Statistically significant effects have been reported in Medline.
Improved physical and mental health: ‘Better physical and mental health statuses, lower blood pressure, less mood disturbance, more positive mood states than those who did not practice T’ai Chi’ in a study of 80 community-dwelling Taiwanese aged 65-88, 40 of whom practiced T’ai Chi, and 40 of whom did not. – T’ai Chi and well-being of Taiwanese community-dwelling elders: clinical Gerontologist, Vol 24(3-4), 2001, pp 137-156.
Breast Cancer survivors: significant improvements in health-related quality of life and self-esteem compared to psychosocial support group (in ‘T’ai Chi Chuan, health-related quality of life and self-esteem: a randomized trial with breast cancer survivors’, Behavioural Medicine Unit, Department of Radiation Oncology, University of Rochester School of Medicine, Rochester, N.Y. Dec 2004)
Older People: statistically significant improvement in self-assessed health of women aged 72 to 96 (in ‘Self-reported benefits of T’ai Chi practice by older women’, Department of Nursing, Armstrong Atlantic State University, Savannah, Georgia, Sept 2001)
A study of 120 people aged 70+ were randomised to T’ai Chi, individualised balance training, and exercise control education groups. Only T’ai Chi subjects reported that their daily activities and their overall life had been affected positively, and many had incorporated T’ai Chi practice into their daily routines 4 months post-intervention. (In ‘Self-report benefits of T’ai Chi practice by older adults’, Department of Rehabilitation Medicine, School of Medicine, Emory University, Atlanta, Georgia.)
Multiple Sclerosis sufferers: improvement in vitality, social functioning, mental health, ability to carry out physical and emotional roles. (in ‘Improving quality of life for people with chronic conditions: the example of T’ai Chi and Multiple Sclerosis’, Centre for the Study of Neurodegenerative Disorders, University of California, Santa Barbara 1999).
Young people: significant improvement in general health, vitality, perceptions of mental health (in ‘Effects of T’ai Chi exercise on physical and mental health of college students’ , Department of Physical Therapy, Georgia State University, Atlanta, Georgia, 2004)
Psychosocial status, mood and stress of ethnic minority group: significant improvement in mood state, reduction in perceived stress, self-confidence, and in all measures of psychosocial status (in ‘Change in perceived psychosocial status following a 12-week T’ai Chi exercise programme, Stanford Prevention Research Centre, School of Medicine, Stanford University, Stanford, California, 2006)
Blood pressure and Cardiorespiratory fitness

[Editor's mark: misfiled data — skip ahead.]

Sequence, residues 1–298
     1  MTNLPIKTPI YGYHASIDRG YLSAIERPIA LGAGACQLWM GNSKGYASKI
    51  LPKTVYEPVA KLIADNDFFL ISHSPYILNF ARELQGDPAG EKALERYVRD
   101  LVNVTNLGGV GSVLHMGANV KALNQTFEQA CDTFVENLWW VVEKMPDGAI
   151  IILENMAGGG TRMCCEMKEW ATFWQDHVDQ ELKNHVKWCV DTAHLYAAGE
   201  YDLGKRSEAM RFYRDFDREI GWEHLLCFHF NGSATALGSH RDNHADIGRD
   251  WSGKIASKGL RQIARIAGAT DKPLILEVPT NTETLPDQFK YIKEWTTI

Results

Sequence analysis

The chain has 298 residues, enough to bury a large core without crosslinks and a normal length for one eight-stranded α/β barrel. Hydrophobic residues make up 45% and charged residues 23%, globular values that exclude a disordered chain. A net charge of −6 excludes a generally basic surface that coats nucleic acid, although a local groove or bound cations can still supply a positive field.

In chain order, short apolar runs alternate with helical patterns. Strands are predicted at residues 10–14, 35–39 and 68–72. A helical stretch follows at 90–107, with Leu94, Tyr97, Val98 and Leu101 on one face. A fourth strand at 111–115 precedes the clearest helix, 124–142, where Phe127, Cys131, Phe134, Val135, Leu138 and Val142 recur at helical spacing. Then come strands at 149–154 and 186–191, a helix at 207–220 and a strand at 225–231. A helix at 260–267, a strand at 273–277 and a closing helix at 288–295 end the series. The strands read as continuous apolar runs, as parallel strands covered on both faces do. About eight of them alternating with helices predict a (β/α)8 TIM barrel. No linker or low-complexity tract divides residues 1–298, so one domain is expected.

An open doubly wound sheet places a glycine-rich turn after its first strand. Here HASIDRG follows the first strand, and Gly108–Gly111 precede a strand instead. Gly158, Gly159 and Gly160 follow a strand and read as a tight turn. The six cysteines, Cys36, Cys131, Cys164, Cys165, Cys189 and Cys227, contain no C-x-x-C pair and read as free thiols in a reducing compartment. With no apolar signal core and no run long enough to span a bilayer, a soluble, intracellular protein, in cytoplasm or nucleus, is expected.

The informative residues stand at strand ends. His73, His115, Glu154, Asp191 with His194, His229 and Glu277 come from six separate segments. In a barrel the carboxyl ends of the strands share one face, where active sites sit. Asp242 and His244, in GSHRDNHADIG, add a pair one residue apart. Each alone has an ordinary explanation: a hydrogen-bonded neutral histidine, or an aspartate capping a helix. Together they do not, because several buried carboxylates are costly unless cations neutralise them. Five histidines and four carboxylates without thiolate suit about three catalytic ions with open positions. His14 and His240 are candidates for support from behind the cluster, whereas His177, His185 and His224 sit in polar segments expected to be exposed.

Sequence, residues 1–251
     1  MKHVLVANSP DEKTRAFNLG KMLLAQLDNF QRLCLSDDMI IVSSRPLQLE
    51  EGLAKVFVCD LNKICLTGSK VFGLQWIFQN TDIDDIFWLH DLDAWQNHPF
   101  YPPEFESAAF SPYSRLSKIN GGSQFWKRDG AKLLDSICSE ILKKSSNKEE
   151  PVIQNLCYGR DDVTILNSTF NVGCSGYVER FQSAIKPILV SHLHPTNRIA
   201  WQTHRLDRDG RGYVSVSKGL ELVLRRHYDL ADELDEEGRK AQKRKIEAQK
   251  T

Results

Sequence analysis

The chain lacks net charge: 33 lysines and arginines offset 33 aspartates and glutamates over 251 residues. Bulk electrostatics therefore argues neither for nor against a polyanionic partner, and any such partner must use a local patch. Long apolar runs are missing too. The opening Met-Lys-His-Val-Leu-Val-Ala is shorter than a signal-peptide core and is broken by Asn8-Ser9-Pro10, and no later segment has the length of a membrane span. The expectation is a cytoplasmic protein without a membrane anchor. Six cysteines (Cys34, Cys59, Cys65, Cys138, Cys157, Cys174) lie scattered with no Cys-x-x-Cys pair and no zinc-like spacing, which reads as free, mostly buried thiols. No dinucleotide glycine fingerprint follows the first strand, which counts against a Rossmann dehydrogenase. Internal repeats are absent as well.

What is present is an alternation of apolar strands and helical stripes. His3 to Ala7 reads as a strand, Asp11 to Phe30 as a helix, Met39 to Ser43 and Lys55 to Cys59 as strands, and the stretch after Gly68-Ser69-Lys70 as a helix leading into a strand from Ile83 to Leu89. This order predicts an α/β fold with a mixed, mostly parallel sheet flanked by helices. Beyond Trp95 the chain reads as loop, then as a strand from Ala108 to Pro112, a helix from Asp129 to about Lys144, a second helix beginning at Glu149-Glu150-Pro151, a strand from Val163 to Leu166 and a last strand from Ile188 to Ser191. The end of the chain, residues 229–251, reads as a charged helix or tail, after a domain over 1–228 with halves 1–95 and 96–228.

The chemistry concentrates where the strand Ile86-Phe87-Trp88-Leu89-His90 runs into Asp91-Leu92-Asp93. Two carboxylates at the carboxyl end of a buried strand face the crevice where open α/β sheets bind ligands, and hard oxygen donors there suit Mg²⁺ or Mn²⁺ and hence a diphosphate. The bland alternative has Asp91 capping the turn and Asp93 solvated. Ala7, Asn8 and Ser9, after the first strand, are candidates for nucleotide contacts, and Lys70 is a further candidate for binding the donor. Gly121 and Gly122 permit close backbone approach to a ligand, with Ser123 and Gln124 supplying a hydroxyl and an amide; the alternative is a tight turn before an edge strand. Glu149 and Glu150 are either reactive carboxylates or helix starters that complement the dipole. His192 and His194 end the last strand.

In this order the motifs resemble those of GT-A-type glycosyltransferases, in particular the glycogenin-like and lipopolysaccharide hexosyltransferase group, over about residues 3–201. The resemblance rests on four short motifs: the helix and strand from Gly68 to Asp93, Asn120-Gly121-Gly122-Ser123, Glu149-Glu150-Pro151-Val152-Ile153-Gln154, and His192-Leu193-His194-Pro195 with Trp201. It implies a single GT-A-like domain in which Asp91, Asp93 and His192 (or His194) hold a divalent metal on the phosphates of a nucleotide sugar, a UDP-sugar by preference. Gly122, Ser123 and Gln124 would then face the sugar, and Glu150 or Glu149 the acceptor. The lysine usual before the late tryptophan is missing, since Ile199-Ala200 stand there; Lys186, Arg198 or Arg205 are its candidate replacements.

A study of 34 women aged 33-55, with ½ used as controls. Significant decrease in both means systolic and diastolic blood pressure in T’ai Chi group. (in ‘Health benefits of T’ai Chi exercise: improved balance and blood pressure in middle-aged women’, Department of Psychology, University of Liverpool, March 2004)
Other studies where T’ai Chi has produced significant effects:
- Bone density in postmenopausal women (132 in randomised controlled trial) – Department of Orthopaedics and Traumatology, Chinese University of Hong Kong
- Functional status and exercise capacity in patients with chronic heart failure (randomised controlled trial of 30 patients) -Harvard Medical School, Boston, Massachusetts October 2004
- Quality of life and physical function in older people with osteoarthritis
- (Randomised controlled study of 33 community-dwelling people) – Dana Farber Cancer Institute, Boston, Massachusetts Dec 2000
- (Randomised controlled study of 72 patients with OA) – Department of Nursing, Soonchunhyang University, South Korea, May 2005
- Physical function among the elderly (reanalysis of randomised controlled trial of 94 participants over 65 years old) – Oregon Research Institute, 1997
- Fibromyalgia symptoms and health-related quality of life (pilot study of 39 participants with FM) – Armstrong Atlantic State University, 2003
- Quality of sleep and daytime sleepiness in older adults (a randomised controlled study of 118 people) – Oregon Research Institute, 2004
- Lipid profile (a randomised controlled study of 152 people with hypertension) — Taipei Medical University, 2003
- reduced blood pressure (a randomised controlled trial of 126 heart-attack patients who practiced T’ai Chi, aerobic exercise, or no exercise. The BMJ reported that ‘both forms of exercise reduced blood pressure, but only T’ai Chi showed a significant reduction’. -Sheffield University 1996)
- Cardiorespiratory fitness (A study of 58 sedentary men of average age 66-67, half of whom practiced T’ai Chi and half of whom served as a control group. T’ai Chi group had significantly better scores in resting heart rate and three minute step test heart rate. (In ‘Balance Control, flexibility and cardiorespiratory fitness among older T’ai Chi Practitioners’, Department of Sports Science and Physical Education, Chinese University of Hong Kong.)
- Cardiorespiratory function (a literature review of controlled studies) –Department of Orthopaedics and Traumatology, the Chinese University of Hong Kong
- The Letchworth Centre for Healthy Living – November 2006